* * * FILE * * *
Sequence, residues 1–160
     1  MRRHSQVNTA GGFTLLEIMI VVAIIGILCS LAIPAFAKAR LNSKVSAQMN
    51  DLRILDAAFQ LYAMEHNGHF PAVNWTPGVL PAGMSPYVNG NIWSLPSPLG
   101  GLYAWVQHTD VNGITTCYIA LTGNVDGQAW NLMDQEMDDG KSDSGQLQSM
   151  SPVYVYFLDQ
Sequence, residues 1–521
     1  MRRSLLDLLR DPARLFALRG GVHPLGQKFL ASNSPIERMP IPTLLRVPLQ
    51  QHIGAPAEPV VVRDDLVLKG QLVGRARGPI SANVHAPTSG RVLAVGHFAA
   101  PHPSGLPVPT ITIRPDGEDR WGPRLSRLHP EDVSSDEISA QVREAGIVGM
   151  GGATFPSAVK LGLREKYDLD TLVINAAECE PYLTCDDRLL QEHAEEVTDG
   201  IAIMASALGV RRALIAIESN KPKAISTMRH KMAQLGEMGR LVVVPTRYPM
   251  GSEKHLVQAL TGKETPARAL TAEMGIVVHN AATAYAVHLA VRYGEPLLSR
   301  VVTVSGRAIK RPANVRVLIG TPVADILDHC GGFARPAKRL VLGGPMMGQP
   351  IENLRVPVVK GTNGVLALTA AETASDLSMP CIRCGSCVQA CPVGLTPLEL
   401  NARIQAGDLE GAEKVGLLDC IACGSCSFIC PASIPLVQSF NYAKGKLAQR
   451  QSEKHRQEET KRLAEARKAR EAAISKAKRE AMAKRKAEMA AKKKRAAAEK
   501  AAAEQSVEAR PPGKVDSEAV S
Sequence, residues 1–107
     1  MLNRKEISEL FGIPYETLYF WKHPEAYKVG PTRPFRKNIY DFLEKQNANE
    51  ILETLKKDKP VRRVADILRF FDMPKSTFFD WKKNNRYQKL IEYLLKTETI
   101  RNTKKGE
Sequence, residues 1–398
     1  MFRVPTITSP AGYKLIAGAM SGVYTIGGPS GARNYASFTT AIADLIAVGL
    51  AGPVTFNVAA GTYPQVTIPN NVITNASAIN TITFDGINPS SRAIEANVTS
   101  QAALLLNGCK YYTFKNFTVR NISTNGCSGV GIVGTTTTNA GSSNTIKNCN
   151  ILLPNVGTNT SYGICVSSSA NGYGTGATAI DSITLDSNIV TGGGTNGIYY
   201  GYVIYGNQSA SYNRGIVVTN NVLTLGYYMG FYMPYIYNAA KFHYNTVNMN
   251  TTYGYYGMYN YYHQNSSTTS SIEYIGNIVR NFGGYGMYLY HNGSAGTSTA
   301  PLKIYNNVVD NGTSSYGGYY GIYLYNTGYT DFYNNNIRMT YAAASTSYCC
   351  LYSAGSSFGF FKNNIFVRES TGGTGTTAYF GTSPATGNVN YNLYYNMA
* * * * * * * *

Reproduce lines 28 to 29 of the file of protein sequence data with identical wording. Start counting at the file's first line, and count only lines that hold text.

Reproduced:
   251  TTYGYYGMYN YYHQNSSTTS SIEYIGNIVR NFGGYGMYLY HNGSAGTSTA
   301  PLKIYNNVVD NGTSSYGGYY GIYLYNTGYT DFYNNNIRMT YAAASTSYCC